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Saturday, April 5, 2014

Misquoting of provisions - sec.55 (a) applies other than arrack - after amendment in 1996 , for 10 liters of ID Liquor sec.8 applies but not sec.55 (a) - trial court convicted - High court modified - Apex court held that It is true that the proper Section, which is attracted in the instant case, is Section 8(1) of the Abkari Act, as amended by Act 10 of 1996, not Section 55(a). But, misquoting of the Section or misapplying the provisions has caused no prejudice to the appellant, since the offence has been clearly made out. Offence under Section 55(a) can always be altered to Section 8(1) of Act 10 of 1996, therefore, we find no error in the conviction recorded by the Courts below. However, considering the fact that the appellant has no previous history of committing such offence, we are inclined to modify the sentence to that of six months’ simple imprisonment and a fine of Rs.50,000/-, and in default, to undergo further simple imprisonment for three months.=A.T. Prakashan …. Appellant Versus The Excise Inspector & Anr. …. Respondents= 2014 ( Apr.Part ) judis.nic.in/supremecourt/filename=41382

Misquoting of provisions - sec.55 (a) applies other than arrack - after amendment in 1996 , for 10 liters of ID Liquor sec.8 applies but not sec.55 (a) - trial court convicted - High court modified - Apex court held that It is true that the proper Section, which is attracted in the  instant
case, is Section 8(1) of the Abkari Act, as amended by Act 10 of  1996,  not Section  55(a).   But,  misquoting  of  the  Section  or   misapplying   the provisions has caused no prejudice to the appellant, since the  offence  has been clearly made out.  Offence under Section 55(a) can  always  be  altered to Section 8(1) of Act 10 of 1996,  therefore,  we  find  no  error  in  the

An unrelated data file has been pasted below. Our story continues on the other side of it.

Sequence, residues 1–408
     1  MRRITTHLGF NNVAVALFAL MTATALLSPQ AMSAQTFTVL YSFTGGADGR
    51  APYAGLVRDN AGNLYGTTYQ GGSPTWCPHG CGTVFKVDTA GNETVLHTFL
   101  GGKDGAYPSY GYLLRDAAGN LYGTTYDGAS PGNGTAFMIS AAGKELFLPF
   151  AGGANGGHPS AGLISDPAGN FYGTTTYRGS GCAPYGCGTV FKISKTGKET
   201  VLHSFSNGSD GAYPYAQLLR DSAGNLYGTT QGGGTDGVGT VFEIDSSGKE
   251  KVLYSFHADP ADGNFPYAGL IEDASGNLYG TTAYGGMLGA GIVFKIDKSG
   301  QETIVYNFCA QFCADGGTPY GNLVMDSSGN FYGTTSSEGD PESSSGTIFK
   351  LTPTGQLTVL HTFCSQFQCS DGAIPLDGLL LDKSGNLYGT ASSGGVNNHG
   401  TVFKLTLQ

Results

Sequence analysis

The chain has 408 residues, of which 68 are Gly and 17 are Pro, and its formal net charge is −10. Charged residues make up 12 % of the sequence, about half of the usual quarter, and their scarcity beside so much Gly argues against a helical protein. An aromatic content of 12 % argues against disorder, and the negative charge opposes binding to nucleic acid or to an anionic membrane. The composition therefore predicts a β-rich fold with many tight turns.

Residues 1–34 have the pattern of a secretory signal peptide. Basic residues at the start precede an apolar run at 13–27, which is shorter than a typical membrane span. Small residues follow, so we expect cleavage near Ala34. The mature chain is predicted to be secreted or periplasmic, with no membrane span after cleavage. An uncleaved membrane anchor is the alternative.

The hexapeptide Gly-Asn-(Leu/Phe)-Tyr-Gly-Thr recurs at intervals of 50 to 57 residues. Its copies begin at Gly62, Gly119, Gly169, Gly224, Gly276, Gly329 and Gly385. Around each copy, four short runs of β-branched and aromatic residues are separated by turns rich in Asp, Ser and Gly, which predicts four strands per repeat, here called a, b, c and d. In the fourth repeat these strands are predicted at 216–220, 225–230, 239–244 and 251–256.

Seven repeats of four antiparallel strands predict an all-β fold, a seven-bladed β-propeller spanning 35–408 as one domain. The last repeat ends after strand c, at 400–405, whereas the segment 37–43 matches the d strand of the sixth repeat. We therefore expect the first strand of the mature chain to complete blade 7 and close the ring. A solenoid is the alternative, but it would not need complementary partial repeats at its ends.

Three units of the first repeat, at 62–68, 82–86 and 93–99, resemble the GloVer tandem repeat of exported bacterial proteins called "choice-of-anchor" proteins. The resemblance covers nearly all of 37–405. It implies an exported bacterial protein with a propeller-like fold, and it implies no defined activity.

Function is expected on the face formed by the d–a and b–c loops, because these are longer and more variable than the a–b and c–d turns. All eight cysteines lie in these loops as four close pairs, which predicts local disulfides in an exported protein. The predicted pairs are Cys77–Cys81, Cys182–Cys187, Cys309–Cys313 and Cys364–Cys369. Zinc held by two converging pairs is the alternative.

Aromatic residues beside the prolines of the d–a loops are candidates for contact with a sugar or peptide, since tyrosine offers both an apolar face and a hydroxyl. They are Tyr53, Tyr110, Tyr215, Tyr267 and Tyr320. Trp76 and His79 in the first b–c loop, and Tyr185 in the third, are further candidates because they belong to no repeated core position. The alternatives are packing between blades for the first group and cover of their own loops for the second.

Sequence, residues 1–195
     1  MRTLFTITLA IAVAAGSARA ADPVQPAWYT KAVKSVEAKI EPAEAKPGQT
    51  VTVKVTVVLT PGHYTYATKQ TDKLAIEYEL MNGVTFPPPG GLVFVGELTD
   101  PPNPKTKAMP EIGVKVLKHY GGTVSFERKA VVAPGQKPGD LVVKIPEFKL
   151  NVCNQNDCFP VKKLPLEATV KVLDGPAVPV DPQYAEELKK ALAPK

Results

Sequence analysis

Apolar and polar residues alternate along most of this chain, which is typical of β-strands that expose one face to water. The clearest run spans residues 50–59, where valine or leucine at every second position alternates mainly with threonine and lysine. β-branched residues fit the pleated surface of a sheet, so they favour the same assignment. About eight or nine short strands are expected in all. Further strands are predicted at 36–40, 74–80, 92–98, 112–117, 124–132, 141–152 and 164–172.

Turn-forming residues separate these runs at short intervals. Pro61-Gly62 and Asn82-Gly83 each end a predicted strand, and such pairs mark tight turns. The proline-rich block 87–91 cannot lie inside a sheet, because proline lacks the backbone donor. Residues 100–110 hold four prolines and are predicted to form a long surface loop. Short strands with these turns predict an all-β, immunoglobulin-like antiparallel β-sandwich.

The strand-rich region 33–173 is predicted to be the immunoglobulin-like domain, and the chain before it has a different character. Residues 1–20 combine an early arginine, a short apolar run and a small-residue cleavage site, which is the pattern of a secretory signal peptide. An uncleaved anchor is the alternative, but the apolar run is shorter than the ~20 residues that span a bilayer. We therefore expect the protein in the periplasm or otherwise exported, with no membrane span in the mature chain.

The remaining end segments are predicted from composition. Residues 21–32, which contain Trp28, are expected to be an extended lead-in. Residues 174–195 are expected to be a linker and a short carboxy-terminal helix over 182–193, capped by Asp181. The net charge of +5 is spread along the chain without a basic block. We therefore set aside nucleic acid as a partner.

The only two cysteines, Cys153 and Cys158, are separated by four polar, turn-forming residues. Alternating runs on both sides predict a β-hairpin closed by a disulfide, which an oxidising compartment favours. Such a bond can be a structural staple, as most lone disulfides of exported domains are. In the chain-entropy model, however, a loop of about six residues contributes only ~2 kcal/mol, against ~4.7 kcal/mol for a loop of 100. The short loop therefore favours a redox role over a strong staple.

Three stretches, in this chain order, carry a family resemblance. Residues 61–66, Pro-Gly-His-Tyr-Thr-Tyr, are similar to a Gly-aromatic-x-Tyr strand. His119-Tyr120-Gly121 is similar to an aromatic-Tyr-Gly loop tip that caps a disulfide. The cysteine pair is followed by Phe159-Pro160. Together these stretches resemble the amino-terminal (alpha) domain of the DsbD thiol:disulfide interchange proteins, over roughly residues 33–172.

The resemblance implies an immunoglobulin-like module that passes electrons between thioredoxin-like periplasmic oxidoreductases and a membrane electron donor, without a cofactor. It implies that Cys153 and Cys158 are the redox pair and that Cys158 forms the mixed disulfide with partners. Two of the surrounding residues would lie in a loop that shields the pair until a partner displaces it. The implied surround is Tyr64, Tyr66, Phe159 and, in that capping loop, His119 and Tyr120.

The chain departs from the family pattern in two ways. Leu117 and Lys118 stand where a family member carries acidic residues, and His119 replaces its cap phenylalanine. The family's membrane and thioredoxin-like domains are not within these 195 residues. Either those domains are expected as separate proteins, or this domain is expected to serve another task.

conviction recorded by the Courts below. However, considering the fact  that  the  appellant  has  no  previous history of committing such offence, we are inclined to modify  the  sentence
to that of six months’ simple imprisonment and a fine  of  Rs.50,000/-,  and in default, to undergo further simple imprisonment for three months.=
The prosecution case is that on 15.9.1999 at 7.00 a.m., the  appellant
was found in possession of 10 litres of arrack  while  he  was  transporting
the same through the road  in  between  Mokavoor  and  Kypurathpalam.   PW6,
Excise Inspector, registered Crime No.20 of 1999 through  Ext.P3  occurrence
report.   After investigation, he laid the final report before the  Judicial
First Class Magistrate’s Court, Quilandy, where it  was  taken  on  file  as
C.P. No.19 of 2001.  
The learned Magistrate committed the case to the  Court
of Sessions.

4.    Prosecution, in support of the case, examined PW1 to  PW6  and  Ext.P1
to  Ext.P5  were  marked.   MO1  was  identified.   After  the   prosecution
evidence, the accused  was  examined  under  Section  313  of  the  Code  of
Criminal Procedure.  The  accused  denied  the  incriminating  circumstances